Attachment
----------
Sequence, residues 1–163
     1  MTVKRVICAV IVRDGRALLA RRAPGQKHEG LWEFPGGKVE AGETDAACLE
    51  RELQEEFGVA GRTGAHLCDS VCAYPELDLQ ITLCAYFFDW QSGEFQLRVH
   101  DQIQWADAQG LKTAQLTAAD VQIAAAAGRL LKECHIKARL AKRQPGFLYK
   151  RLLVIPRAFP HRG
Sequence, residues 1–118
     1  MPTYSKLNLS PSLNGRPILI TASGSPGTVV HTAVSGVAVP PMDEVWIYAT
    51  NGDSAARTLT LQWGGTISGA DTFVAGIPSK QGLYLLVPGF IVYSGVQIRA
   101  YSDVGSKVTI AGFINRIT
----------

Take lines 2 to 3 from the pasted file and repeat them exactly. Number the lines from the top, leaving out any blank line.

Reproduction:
     1  MTVKRVICAV IVRDGRALLA RRAPGQKHEG LWEFPGGKVE AGETDAACLE
    51  RELQEEFGVA GRTGAHLCDS VCAYPELDLQ ITLCAYFFDW QSGEFQLRVH